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Thanks for the reference to the Encyclopedia of Dinosaurs samples!  I've been doing some browsing, on herbivory:
<The dominant herbivorous dinosaurs [from inception to mid-Cretaceous] found in association with the lower latitude communities were the giant, high-feeding sauropods, although smaller forms were also present. One hypothesis is that the generally large stature and posited low food quality of the available gymnosperms influenced the size and morphology of the herbivores, as the lower quality food necessitated the consumption of larger quantities of food, and its retention for longer times.>
(Tiffney, Dinosaurs and Plants)
If the limitation on neck movement is correct, then 'high-feeding' is unlikely, unless rearing proves reasonable.  If the food is low quality and the available supply is less than previously assumed when high-feeding was thought likely, is this hypothesis more questionable? 
<However, other factors may also have entered into the equation, including the digestive physiology of large
dinosaurs. It has also been suggested that the large sauropods fed on "fern prairies", which would have provided a higher-quality and more disturbance-tolerant food source.>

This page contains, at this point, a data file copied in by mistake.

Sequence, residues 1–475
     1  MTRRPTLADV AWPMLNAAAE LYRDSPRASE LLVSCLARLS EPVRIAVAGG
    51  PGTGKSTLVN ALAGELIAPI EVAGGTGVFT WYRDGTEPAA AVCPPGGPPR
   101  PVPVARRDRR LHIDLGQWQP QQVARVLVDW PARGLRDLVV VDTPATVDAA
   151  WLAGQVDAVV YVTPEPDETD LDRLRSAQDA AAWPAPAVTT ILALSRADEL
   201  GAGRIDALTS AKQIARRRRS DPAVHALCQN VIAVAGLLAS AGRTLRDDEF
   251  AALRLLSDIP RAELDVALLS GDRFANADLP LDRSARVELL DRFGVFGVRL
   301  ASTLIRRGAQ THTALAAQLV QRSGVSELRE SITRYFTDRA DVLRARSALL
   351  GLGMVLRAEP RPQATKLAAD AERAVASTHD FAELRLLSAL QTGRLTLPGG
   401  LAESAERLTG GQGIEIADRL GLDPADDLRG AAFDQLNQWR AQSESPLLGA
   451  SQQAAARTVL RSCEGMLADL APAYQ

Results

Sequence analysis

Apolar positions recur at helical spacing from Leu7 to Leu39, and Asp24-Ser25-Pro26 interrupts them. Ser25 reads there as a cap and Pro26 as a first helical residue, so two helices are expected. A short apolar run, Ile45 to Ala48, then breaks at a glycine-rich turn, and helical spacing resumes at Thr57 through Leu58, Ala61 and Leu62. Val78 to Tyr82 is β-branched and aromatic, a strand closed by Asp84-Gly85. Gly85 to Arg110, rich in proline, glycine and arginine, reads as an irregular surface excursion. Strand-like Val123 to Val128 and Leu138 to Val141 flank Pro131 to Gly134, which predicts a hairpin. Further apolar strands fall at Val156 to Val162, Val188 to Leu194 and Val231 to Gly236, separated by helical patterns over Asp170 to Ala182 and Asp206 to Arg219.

Does the prairie in "fern prairie" mean the sort of buffalo herd prairie I'm visualizing?  If so, wouldn't height be a disadvantage?  Also, the entry observes that:
< Most of the Mesozoic was dominated by large, disturbance-creating, herbivores that were predators upon whole plants and which operated in an open environment.>
Assuming the comparatively low reproduction rates for gymnosperms and the fact that large sauropods were eating them, how long would such prairies last?
Also, these prairies would be found in the areas dominated by large sauropods, areas described as 'more drought-adapted [, hotter,] and probably more open', compared to  '[h]igher paleolatitude communities [, which] may have been cooler and wetter, and thus possibly more productive.'  Why wouldn't the prairies be found at higher latitudes instead? 
As you can see, I've been wondering  whether a reduction in the amount of food available to at least some sauropods because of limited neck movement might affect their ability to survive.  The information in this entry doesn't resolve the issue for me.
I'm also thinking about the idea that a large animal in warm, open terrain does not have to generate much internal heat.
Maybe you could watch a sauropod for a long time from the same spot...
Anyone care to comment?